Map 1: Lack of comparable surveys in Africa makes it difficult to measure poverty trends
….And low human development outcomes remain a challenge
Substantial progress is also recorded in many other dimensions. Life expectancy at birth, for example, rose 6.2 years, the number of chronically malnourished children under five years old declined by six percentage points, and the number of deaths from politically motivated violence dropped substantially. Scores on voice and accountability indicators rose slightly, and there was a trend toward greater participation of women in household decision-making processes.
Impressive as these facts are, the levels of achievement remain low, and worrisomely, the rate of progress is leveling off -- especially the lack of progress in educational achievement which calls for serious attention. More than two out of five adults are still unable to read or write. Sadly, about three-quarters of sixth graders in Malawi and Zam­bia cannot read for meaning, providing just one example of the school quality challenge. These facts challenge any ambition for industrialization and structural transformation.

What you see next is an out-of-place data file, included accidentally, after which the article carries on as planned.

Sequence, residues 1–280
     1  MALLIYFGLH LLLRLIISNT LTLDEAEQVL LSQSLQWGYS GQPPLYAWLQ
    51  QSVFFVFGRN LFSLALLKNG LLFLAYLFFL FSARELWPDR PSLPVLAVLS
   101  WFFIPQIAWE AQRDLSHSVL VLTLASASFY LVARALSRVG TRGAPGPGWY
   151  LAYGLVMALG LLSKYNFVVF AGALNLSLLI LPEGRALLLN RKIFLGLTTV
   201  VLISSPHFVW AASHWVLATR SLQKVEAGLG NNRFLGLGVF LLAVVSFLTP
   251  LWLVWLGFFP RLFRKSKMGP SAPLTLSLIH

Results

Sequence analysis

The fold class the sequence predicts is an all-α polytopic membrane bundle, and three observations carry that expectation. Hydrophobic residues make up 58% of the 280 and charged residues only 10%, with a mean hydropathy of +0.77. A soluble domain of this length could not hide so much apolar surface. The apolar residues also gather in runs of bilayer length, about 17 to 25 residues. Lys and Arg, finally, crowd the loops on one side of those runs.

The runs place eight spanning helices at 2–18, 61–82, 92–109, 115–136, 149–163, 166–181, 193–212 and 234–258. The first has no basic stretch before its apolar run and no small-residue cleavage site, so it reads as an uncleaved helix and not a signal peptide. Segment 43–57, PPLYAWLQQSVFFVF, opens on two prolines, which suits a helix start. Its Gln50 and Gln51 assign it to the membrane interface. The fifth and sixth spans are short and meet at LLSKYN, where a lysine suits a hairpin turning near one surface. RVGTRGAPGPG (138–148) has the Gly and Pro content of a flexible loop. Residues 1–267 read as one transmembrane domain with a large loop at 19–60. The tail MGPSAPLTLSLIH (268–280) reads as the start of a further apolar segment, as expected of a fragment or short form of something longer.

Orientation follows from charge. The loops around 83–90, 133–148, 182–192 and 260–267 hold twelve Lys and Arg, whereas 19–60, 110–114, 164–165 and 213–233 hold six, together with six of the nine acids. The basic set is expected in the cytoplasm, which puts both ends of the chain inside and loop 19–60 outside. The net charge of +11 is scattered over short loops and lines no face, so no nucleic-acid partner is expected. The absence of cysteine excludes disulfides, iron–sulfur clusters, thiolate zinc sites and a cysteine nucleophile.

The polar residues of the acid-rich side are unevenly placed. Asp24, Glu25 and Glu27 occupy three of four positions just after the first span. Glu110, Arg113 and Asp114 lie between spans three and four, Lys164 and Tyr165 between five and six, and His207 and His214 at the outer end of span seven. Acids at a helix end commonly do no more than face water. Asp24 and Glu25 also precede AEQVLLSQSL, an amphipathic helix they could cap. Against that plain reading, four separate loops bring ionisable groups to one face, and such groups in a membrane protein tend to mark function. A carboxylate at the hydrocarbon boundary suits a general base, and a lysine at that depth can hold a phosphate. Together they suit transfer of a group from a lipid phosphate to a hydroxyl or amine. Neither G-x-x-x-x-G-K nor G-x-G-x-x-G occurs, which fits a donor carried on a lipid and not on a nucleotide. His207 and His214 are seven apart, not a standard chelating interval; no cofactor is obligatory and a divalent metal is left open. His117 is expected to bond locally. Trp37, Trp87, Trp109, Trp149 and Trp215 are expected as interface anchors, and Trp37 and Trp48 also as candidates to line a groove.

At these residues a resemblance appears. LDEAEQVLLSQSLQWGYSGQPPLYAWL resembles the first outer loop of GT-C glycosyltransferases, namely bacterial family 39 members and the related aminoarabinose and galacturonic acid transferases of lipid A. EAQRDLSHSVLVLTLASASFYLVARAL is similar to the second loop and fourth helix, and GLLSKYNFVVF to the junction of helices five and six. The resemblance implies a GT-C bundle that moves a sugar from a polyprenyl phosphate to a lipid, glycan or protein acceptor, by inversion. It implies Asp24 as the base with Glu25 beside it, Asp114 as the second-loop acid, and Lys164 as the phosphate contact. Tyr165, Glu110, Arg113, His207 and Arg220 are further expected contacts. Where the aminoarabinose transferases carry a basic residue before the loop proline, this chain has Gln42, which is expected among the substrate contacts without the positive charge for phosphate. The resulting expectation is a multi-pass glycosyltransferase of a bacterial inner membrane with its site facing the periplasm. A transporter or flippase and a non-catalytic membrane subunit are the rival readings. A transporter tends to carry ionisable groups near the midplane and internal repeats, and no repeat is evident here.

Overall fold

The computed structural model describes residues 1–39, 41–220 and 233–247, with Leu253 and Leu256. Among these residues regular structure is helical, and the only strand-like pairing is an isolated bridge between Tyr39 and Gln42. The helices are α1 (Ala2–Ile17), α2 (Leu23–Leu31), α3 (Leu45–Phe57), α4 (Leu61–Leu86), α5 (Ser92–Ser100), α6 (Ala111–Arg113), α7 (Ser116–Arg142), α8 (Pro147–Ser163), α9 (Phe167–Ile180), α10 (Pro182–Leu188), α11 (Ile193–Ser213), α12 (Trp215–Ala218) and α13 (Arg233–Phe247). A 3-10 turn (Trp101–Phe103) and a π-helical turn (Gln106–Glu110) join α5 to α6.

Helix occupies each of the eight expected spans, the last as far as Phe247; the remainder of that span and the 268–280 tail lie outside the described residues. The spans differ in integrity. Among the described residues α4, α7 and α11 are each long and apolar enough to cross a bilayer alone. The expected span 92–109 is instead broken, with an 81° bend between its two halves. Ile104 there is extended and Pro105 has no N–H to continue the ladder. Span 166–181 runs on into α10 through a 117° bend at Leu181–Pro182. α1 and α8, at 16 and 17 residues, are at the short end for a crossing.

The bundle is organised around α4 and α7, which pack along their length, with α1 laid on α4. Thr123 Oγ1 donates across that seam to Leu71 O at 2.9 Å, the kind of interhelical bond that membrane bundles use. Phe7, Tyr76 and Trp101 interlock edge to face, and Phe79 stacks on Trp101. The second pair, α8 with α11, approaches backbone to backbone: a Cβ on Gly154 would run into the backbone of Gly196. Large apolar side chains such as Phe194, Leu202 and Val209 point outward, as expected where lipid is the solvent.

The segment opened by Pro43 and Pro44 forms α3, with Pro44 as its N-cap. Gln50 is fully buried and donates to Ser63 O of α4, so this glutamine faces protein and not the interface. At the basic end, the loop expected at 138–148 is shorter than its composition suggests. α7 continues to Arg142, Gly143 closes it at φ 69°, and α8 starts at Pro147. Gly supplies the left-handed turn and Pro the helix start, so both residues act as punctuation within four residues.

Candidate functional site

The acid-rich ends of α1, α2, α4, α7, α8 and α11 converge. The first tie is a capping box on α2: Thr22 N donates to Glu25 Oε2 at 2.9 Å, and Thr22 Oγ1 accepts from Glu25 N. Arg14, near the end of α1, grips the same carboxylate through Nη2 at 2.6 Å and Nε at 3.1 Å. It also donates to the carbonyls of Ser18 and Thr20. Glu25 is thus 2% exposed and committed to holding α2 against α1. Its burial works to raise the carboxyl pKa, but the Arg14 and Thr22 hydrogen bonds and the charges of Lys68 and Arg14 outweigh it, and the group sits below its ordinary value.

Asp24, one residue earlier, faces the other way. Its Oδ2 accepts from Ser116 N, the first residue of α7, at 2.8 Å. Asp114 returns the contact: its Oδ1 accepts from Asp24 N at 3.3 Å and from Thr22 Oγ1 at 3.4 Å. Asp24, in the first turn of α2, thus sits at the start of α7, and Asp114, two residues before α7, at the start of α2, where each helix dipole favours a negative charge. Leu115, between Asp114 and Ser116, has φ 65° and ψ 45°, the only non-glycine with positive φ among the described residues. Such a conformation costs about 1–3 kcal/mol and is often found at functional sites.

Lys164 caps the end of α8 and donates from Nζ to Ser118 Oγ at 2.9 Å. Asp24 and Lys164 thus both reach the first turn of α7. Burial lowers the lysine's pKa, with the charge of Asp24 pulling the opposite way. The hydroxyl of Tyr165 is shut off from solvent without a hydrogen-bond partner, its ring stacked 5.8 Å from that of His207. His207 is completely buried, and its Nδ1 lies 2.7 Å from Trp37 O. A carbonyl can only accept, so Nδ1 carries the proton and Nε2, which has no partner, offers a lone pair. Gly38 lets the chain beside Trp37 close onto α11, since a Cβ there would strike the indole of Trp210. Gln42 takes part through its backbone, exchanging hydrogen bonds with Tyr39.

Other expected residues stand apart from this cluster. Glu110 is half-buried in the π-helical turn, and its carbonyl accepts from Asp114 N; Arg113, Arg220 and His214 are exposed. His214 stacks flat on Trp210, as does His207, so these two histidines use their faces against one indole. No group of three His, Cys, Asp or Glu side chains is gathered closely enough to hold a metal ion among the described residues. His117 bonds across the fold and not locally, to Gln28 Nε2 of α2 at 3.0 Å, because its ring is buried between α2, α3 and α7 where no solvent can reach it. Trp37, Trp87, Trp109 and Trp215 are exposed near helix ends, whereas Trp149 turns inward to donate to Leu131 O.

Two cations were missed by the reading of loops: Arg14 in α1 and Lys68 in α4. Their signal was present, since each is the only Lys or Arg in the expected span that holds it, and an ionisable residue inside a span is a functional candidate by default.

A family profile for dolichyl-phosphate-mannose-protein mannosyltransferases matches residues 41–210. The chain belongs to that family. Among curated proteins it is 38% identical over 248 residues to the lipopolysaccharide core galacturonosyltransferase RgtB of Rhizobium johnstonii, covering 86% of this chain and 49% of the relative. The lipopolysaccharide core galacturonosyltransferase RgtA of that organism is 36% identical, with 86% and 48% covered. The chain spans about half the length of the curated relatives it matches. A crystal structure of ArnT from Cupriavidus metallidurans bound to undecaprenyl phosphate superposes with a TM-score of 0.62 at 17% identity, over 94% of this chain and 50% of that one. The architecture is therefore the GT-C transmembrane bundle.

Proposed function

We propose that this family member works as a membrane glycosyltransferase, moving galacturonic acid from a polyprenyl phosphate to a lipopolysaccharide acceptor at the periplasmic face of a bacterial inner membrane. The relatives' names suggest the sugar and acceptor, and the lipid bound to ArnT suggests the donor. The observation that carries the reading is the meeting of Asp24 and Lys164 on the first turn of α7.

Fragile countries tend to perform worse than other countries. This only highlights the potentially long-lasting damage from the recent upsurge in violent events against civilians (from terrorism and political disputes). There is also a worrisome penalty to residing in a resource-rich country (figure 1). As the share of national wealth from extractives increases, human development outcomes are worse. Finally, while not a new finding, it remains strikingly pervasive across well-being dimensions: better-educated women and their children do decisively better across dimensions (health, violence, and freedom in decision). It is our firm belief that tackling the educational agenda head-on remains at the heart of much of Africa’s advancement.